If your cat becomes too hot, you need to get them to a vet immediately and cool them down quickly using a wet towel, air conditioning, and offering them a drink (but without forcing it, especially if they are not conscious or able to swallow). Do not use ice cold water to cool them down, as it may lead to hypothermia that, in turn, causes shivering and further body temperature increase. Do not wrap the cat in a wet towel, as it will eventually trap heat.

If the cat’s temperature continues to rise, they may experience irreversible and fatal health consequences. Overheating and heat stroke, in particular, requires veterinary attention, as the cat may be unable to normalize their body temperature without serious health care. Furthermore, if the cat’s temperature drops too suddenly, they can experience hypothermia. Therefore, it is best to leave the cooling up to the vet.

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Are Cats Scared of Air Conditioners?

scared cat hiding behind the door
Image Credit: Maistet, Shutterstock

Some cats may be scared of the noise that air conditioners make. It depends primarily on whether they were around loud noises growing up. If your cat has been raised around your loud air conditioner, it probably won’t bother them that much. However, if they were adopted as an adult, it makes sense that the noisiness of the air conditioner may bother them.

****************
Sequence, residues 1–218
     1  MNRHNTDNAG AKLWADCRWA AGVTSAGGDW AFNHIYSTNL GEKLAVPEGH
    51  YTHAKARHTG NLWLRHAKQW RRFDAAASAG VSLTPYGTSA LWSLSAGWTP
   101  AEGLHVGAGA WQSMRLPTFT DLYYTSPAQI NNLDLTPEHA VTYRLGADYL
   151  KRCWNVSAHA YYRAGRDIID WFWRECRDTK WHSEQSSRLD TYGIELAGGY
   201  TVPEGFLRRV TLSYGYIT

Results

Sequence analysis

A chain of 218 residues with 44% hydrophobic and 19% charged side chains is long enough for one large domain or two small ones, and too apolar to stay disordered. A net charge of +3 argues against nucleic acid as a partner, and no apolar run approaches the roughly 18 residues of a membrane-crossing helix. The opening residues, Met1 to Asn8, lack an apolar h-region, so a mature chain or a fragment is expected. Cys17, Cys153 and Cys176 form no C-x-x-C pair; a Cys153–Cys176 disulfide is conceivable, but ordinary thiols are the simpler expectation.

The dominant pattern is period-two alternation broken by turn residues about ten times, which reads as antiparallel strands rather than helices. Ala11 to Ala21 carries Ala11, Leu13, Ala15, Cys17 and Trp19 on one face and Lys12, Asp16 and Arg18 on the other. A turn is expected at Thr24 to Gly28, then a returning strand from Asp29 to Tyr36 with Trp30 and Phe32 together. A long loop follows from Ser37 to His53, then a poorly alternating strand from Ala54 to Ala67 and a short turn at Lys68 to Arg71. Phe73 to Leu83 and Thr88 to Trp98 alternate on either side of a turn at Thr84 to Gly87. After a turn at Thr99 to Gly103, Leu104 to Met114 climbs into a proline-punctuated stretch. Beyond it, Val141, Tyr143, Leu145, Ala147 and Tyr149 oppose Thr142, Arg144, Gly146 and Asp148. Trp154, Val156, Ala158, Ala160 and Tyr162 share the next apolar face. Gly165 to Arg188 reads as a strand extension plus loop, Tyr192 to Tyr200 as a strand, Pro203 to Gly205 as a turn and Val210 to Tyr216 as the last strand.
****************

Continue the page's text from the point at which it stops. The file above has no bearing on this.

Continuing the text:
If a cat suddenly is exposed to a loud air conditioner, they may be scared of the area until they become used to the noise. For some cats, this never happens. You can use positive reinforcement to help get the cat used to the noise, though. Other times, the cat will get used to the noise independently and won’t require any special training.

Cats are rarely scared of air conditioning vents in the house, as these don’t tend to be that noisy. Many will even lay on the vents to cool off.

Even if your cat is scared, you can provide the appropriate positive reinforcement training and reassurance to help them. There are many options for helping cats manage stress, including pheromones and special treats.

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Can Cats Survive Without AC?

cat and vet. II_Stock-Asso_Shutterstock
Image Credit: Stock-Asso, Shutterstock

It depends on the temperature, humidity, ventilation, and the individual cat. Some cats tolerate heat better than others, and this will also greatly depend on their age and underlying health. Cats with a heart or a respiratory condition and those that are very young or old will be more prone to harmful effects of heat.

Access to a shady area inside the home and a cool surface to lie on, alongside fresh water, is crucial. If the home is insulated and protected from the heat and direct sunlight, it’s unlikely to get unbearably hot. This is often not the case in other buildings and areas, such as barns or conservatories, which often trap the heat and may lead to life-threatening heat stroke if the cat is trapped there.